The program was Ed Rothchild’s inspiration, to be called “Insomnia”— A solid three hours of home-grown comedy to be broadcast live from the studios of WRMC at Middlebury College in Vermont. It was the early spring of 1958 when Ed and I were freshmen. By then I was heavily involved in the radio station; everything there was so much more exciting than anything my professors had to offer in the seven classes (including Phys Ed and ROTC) that I was signed up for. Of course, I went to my classes, took illegible notes, attended chemistry lab, did some of my math homework and passed some of my exams. And whenever I could escape these dreary and overwhelming duties, I headed for the WRMC studios. After all, I was the News Director had to check that the UP teletype machine hadn’t run out of paper or worn out its ribbon.
I have forgotten most of the actual content of the Insomnia marathon, but I remember what I had to do to prepare for it. It was my job to produced tape-recorded sound effects for the show, including background music. And how did this assignment come about? Well, I owned a tape recorder, and could borrow a second one, no less. The editing job required recording sound snippets from various records onto one of the tape machines, and cutting the recorded tape segments to exactly the right length. Then I spliced white leader tape between all the sound effects segments and wrote what the segment was on the leader. For the section requiring lots of chickens clucking, I wrote “chickens” on the leader preceding it.
The chickens were needed for one of the commercials to be used in the show—for a bogus product called “Furdsot,” a sheep dip. Furdsot was a product of Ed Rothchild’s fertile imagination. To Ed, who grew up in the New York area, anything suggesting farming was funny, including the early morning agricultural forecasts that we heard on the radio. After all, Middlebury College was located in an area dominated by dairy farms, but to Ed it might as well have been Dogpatch. Ed didn’t read the Furdsot commercial himself; instead the job fell to a student who could muster a better hillbilly accent than Ed could. In the control room I cued my tape machine and brought up the barnyard sounds as the commercial began.
This preparation consumed a huge amount of time, far more than I devoted to my studies. In the rush to get ready for the Insomnia broadcast I worked late one cold winter night with Ed and other students. We took a break in the larger of the two studios, a room with a couple of old arm chairs and a worn rug. On the wall was a faded reproduction of a romantic era painting: a partially draped woman reclining on a couch. “Look at that sly nipple,” Ed had commented when he first spotted the partly revealed breast in the painting. I relaxed in one of the arm chairs right under this picture and decided not to go back to my dorm, but to sleep right there in the studio. I didn’t get much rest and by dawn, I was exhausted. I dragged myself back to my dorm and flopped on my bed, missing two of my morning classes. It’s no wonder that I flunked out the following year.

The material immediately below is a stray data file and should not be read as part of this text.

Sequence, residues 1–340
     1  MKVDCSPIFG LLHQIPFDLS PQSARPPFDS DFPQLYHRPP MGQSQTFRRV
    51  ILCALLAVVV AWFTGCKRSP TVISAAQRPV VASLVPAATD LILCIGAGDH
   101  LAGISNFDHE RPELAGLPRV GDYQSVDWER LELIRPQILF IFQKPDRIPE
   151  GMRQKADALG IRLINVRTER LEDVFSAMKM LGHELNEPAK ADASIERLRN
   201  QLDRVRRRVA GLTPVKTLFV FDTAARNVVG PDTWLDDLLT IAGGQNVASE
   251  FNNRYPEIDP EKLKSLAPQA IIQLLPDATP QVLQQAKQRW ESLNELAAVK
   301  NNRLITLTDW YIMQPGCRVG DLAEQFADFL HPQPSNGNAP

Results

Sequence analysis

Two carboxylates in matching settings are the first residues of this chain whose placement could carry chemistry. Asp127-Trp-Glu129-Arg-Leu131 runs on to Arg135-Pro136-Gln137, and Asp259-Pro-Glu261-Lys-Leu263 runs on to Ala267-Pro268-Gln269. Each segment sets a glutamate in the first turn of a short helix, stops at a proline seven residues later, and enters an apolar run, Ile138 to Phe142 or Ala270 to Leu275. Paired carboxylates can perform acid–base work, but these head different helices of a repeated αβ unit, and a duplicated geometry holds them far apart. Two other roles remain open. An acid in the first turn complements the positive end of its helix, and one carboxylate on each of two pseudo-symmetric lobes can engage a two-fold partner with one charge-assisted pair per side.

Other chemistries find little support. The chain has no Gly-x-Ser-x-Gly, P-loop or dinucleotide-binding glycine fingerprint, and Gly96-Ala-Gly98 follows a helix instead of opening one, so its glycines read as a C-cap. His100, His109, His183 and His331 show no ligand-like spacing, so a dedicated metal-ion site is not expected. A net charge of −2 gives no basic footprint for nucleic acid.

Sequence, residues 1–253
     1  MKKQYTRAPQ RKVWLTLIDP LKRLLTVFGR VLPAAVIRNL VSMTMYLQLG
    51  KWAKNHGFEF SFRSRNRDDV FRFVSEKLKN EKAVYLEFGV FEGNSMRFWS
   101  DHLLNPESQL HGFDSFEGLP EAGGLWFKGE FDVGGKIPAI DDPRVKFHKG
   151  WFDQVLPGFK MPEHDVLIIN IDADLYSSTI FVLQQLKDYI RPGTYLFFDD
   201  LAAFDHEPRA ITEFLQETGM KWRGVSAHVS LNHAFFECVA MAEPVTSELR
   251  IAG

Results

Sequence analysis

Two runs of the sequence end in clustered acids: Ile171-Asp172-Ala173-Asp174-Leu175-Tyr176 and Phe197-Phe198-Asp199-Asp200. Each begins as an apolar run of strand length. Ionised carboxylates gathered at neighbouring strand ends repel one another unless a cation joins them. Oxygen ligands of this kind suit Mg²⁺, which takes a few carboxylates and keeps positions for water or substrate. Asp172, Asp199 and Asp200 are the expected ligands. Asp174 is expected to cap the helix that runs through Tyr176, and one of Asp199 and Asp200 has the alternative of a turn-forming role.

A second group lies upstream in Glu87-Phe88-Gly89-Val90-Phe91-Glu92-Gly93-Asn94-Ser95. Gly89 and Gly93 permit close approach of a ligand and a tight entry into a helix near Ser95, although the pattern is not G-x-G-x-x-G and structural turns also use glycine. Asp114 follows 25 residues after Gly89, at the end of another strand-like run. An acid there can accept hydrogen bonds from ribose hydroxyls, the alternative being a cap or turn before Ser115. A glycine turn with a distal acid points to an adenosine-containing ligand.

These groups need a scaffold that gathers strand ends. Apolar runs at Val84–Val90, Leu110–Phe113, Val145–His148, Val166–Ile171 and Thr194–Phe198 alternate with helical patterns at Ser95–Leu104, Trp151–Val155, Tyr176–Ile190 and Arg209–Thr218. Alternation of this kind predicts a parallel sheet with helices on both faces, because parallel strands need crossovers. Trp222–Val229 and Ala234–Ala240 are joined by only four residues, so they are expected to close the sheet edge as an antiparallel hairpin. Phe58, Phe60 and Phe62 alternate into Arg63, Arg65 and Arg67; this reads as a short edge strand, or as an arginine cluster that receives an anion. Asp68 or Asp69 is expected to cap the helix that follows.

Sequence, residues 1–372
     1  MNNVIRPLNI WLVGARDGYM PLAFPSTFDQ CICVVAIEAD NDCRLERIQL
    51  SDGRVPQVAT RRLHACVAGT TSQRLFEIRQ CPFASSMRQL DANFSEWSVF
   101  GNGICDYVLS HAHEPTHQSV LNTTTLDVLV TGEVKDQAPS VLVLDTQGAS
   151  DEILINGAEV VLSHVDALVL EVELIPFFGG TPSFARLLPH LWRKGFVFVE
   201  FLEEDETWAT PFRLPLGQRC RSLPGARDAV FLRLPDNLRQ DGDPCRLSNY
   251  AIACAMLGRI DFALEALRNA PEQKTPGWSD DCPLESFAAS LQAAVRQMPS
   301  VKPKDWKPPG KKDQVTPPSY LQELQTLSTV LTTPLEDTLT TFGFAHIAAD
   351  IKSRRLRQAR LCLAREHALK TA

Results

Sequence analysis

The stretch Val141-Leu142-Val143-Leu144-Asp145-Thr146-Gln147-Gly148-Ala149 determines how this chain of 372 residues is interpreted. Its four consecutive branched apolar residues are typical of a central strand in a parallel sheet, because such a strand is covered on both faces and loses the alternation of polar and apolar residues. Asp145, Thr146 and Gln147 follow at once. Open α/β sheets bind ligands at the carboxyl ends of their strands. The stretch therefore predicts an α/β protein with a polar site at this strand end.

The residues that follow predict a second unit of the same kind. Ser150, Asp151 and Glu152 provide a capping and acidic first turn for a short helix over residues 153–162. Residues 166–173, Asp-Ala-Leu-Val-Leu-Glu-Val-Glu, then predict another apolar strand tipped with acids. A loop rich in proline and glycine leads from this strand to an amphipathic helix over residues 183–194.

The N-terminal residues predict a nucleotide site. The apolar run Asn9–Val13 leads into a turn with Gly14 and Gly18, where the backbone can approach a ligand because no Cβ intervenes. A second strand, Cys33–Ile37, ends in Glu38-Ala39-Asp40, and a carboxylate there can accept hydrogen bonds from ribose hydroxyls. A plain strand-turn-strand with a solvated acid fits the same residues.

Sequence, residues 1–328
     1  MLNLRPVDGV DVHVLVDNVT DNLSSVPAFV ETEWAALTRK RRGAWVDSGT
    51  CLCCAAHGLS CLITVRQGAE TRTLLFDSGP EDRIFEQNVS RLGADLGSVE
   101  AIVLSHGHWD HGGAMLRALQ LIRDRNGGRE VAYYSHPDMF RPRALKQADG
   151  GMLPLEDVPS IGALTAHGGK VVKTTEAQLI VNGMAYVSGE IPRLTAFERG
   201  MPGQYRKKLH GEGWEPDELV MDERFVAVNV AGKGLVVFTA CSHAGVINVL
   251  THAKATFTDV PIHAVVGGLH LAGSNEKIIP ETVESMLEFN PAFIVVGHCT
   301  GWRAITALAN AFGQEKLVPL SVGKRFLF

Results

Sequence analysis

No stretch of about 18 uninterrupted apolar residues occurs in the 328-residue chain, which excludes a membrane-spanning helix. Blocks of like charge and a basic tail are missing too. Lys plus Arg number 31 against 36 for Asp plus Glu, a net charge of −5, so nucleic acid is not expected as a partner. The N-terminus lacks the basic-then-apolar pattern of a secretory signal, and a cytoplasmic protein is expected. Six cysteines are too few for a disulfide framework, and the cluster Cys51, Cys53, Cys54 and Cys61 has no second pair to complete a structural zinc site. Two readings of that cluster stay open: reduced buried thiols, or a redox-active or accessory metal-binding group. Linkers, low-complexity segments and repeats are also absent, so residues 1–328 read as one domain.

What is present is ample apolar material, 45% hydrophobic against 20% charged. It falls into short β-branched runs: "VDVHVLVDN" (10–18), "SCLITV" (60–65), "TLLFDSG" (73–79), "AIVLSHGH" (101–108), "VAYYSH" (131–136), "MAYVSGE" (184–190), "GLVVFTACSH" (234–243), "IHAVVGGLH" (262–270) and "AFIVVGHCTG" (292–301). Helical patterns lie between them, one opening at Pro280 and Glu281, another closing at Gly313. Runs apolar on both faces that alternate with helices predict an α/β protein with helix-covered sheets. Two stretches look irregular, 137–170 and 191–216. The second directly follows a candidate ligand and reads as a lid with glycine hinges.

If Rothchild wasn’t up to a convincing farmer’s accent, he was a natural for the heavy Russian enunciation required in the next bogus commercial—for a Soviet product called “Sverdgorsky’s Preboiled Instant Borscht.”
Comrades, don’t spend hours shredding beets and other vegetables when you can save all that precious socialist labor for something more worthy. Instead, use Sverdgorsky’s Preboiled Instant Borscht. It’s flavor buds leap from the pot and belch at you. On your next rip to Siberia, pack a can or two. You’ll be glad that you did.
Epilogue: Even the new transmission system installed by John Bowker in 1960 couldn’t reach all the college’s dorms with a good AM signal and by the mid sixties it became clear that a conversion to FM was needed. In 1967, the FCC granted the college a license for a ten-watt FM transmitter, with a broadcast antenna to be located on top of the tallest campus building, Mead Chapel. In the years following the switch to FM, WRMC experienced just as many technical crises as we and our predecessors had. There were periods when the station was off the air, just as there had been when I was a student, according to the 1981 history written by Don Kreis. Today, WRMC thrives with a 2900-watt stereo FM signal that covers the Champlain Valley in Vermont and can be heard worldwide over the internet.
Many of us who volunteered for WRMC believed that we might find careers in broadcasting after college. I visited an AM station in Boston and even auditioned for the WESX, the local station in Marblehead where I grew up, but nothing came of it. Instead, I went on to graduate school in psychology. Ed Rothchild, sold office machines after college, worked in the music industry, and became a pioneer in the promotion of compact disc recordings. He married his longtime girlfriend Gail but died in 1992 after a long illness. Lorrie Kittredge Rogers lives in Connecticut, has grown children, and retired after a distinguished career as a pension actuary. Leelaine Rowe Picker also lives in Connecticut where she directed a nursery school. Peter Talbot, who had the best radio voice of any of us, became a director of the NYNEX telephone company and retired to Florida. So did John Bowker, Jr., WRMC’s founder, after his retirement from RCA.
Next week: Montreal